Disentangling psychopathology, substance use and dependence: a factor analysis

Jaime Delgadillo, Jan R Böhnke, Elizabeth Hughes, Simon Gilbody

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    3 Citations (Scopus)
    153 Downloads (Pure)

    Abstract

    Background
    The notion that substance use can induce symptoms of depression and anxiety is influential in clinical practice, however questions remain about the empirical support for this hypothesis.

    Methods
    We analysed mental health and substance dependence screening records for 280 outpatients in addictions treatment. Item-level data for depression (PHQ-9), anxiety (GAD-7), severity of dependence (SDS) and self-reported weekly substance use were studied using factor analysis and correlations. Symptom-level associations between substance use and psychological distress symptoms were examined after controlling for underlying levels of psychopathology.

    Results
    We obtained a two-factor solution accounting for approximately 48 % of total variance. Depression and anxiety symptoms loaded onto a single psychopathology factor. Severity of dependence (SDS) and substance use measures loaded onto a distinct but correlated factor. After controlling for latent levels of psychopathology, the only remaining symptom-level associations were impaired concentration linked to cannabis use and irritability linked to alcohol use. Dependence (SDS) was prominently associated with depressive rumination, and negatively correlated with residual anxiety symptoms related to substance use (e.g., craving).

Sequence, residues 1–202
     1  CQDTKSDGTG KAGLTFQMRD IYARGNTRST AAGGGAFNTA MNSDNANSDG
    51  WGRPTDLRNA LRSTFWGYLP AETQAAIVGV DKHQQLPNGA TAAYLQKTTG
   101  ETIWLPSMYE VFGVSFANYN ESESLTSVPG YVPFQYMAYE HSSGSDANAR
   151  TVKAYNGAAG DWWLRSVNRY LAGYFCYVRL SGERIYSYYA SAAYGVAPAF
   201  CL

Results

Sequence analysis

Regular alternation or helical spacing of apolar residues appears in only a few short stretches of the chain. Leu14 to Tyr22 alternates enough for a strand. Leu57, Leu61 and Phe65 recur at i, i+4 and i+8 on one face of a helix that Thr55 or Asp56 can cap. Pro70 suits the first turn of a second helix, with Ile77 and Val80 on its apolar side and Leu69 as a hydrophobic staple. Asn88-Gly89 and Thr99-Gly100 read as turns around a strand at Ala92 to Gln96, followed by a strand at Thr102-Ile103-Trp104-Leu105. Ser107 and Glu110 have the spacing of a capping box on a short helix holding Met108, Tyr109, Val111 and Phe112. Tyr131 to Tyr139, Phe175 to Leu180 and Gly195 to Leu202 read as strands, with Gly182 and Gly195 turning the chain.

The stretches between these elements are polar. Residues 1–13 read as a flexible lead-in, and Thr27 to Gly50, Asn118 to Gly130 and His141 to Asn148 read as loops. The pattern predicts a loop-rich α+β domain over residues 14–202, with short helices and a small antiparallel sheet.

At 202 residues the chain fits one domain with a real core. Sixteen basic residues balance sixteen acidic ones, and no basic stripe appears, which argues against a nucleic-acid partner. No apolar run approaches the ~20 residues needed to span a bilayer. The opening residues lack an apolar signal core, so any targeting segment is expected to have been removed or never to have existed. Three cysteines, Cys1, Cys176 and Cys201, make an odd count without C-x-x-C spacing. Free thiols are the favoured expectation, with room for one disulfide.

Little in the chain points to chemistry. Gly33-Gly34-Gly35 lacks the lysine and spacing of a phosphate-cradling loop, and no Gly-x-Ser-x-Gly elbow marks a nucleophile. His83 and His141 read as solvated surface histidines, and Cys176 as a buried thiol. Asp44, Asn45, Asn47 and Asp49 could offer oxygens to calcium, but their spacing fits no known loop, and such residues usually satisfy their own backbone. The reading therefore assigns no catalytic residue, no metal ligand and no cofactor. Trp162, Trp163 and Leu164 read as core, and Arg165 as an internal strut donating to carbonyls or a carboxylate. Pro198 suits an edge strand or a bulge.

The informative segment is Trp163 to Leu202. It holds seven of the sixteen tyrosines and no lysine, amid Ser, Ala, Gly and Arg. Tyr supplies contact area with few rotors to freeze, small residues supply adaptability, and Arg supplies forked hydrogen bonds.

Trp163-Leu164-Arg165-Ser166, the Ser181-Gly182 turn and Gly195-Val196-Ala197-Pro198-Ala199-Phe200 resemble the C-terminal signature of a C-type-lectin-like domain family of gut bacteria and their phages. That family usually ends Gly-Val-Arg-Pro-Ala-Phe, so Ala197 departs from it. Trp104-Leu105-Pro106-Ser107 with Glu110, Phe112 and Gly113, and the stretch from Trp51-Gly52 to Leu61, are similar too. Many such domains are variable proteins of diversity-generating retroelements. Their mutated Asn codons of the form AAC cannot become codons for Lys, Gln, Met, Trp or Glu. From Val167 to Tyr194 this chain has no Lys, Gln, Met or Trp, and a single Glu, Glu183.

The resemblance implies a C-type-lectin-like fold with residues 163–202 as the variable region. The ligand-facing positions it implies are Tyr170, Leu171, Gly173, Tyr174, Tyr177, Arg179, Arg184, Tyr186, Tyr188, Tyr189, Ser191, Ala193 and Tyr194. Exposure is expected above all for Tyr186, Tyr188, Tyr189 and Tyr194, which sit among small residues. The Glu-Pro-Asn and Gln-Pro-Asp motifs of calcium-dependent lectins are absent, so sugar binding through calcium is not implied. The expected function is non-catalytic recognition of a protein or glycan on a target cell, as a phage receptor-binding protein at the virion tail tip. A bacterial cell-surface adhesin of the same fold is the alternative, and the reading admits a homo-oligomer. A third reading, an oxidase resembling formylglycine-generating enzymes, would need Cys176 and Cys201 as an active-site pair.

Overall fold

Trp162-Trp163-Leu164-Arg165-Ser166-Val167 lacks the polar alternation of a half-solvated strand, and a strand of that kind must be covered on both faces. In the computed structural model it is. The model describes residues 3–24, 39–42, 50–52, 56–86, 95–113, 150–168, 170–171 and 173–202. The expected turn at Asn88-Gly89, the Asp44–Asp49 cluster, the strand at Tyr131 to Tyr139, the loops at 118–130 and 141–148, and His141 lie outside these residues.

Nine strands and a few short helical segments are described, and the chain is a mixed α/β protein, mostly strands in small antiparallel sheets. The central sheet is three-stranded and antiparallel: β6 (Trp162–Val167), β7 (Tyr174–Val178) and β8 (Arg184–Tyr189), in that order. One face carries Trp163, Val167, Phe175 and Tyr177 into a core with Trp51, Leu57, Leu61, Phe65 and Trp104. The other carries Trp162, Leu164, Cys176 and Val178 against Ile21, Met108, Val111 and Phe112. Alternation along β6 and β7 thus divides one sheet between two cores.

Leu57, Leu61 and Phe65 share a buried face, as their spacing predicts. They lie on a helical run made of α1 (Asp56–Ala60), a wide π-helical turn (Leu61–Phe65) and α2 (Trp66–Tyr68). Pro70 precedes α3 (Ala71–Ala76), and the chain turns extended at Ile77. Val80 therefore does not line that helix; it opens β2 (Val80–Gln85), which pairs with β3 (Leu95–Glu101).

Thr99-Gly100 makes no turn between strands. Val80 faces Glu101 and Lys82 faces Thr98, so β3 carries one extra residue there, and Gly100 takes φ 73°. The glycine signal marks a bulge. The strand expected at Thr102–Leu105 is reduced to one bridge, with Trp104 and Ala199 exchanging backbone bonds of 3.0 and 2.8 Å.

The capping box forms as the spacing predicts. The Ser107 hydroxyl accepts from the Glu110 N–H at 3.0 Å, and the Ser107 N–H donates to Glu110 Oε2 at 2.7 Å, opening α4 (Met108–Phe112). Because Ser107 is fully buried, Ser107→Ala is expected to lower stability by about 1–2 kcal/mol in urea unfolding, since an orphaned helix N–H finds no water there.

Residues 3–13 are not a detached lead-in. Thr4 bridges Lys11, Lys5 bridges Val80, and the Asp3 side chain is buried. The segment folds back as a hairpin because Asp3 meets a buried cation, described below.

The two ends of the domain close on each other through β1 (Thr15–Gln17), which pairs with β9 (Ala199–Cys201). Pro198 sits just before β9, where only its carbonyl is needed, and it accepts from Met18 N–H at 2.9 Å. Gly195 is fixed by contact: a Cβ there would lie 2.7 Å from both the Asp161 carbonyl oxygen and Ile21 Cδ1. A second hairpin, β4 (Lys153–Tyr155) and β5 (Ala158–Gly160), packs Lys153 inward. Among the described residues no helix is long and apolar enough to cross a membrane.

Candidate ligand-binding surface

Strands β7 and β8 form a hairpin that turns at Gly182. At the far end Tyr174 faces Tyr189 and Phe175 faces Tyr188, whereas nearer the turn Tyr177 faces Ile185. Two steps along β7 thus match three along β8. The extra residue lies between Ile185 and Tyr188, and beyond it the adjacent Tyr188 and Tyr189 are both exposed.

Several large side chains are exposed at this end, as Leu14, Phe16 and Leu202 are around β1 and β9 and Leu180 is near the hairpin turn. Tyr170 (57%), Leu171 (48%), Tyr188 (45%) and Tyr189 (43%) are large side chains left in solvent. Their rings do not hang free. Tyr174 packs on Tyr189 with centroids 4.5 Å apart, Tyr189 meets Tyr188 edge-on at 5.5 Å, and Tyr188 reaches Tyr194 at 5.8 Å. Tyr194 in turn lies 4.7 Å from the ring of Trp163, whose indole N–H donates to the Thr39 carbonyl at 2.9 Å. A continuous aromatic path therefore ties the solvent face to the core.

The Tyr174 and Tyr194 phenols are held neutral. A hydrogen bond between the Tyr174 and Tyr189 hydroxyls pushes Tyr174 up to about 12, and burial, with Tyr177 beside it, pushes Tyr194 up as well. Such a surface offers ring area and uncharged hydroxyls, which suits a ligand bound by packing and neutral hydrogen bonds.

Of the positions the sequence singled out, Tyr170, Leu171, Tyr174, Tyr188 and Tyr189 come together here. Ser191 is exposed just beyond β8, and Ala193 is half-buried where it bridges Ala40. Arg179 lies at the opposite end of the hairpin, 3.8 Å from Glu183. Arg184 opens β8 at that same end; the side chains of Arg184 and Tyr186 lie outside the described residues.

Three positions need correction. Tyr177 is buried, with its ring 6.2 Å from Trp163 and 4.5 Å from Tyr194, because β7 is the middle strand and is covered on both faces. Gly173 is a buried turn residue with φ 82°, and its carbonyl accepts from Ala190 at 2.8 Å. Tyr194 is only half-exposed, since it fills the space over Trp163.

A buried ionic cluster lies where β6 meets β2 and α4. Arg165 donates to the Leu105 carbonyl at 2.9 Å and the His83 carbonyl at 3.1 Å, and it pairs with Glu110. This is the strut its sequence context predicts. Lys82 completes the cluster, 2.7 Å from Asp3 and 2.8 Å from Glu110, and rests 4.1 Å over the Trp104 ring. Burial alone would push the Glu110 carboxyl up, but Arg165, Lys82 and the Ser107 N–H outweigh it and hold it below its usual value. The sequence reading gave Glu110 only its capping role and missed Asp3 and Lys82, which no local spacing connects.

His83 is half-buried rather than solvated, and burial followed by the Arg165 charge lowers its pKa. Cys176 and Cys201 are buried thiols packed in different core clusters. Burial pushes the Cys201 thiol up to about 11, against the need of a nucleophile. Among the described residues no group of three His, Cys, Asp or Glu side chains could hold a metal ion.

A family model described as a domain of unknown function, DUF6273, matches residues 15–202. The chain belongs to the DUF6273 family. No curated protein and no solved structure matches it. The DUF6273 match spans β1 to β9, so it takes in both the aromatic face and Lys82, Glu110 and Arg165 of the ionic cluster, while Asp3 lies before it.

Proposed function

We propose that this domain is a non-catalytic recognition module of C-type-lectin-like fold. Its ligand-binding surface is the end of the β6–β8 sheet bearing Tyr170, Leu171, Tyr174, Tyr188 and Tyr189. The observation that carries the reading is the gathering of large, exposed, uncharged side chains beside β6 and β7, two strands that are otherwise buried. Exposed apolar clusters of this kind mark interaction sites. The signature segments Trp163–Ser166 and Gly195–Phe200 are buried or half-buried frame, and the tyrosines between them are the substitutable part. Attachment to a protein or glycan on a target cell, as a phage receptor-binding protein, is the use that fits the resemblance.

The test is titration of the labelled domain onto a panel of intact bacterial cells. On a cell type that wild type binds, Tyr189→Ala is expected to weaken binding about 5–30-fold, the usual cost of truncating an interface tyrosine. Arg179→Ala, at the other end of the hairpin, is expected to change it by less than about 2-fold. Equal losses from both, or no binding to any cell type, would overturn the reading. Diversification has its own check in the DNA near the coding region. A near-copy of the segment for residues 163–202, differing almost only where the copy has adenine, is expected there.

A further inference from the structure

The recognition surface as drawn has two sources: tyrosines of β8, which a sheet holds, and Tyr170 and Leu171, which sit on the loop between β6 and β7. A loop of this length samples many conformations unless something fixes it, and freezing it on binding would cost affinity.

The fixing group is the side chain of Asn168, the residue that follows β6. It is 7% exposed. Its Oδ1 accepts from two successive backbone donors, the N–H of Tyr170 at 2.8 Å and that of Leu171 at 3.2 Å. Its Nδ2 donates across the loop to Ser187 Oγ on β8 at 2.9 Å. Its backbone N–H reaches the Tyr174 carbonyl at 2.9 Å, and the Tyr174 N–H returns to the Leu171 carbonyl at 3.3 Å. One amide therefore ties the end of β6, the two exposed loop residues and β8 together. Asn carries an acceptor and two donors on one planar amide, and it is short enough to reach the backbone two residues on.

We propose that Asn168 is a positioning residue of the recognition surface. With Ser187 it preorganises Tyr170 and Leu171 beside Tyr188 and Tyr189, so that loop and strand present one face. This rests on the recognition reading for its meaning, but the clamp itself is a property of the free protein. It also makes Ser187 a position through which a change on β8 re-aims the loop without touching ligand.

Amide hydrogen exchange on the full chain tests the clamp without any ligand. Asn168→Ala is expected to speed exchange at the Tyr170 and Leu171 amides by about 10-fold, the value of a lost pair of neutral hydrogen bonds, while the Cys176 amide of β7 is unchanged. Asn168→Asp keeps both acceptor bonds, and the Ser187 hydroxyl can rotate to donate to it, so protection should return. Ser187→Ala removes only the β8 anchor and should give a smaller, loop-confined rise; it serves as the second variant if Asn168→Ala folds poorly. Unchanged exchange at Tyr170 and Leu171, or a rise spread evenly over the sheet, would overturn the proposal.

Conclusions
    Overall, this analysis supports a psychological understanding of comorbidity; with dependence, craving, negative reinforcement and rumination as key variables.
    Original languageEnglish
    Number of pages10
    JournalBMC Psychiatry
    Volume16
    Issue number281
    DOIs
    Publication statusPublished - 1 Aug 2016

    Keywords

    • Depression
    • Anxiety
    • Alcohol
    • Drugs
    • Addiction

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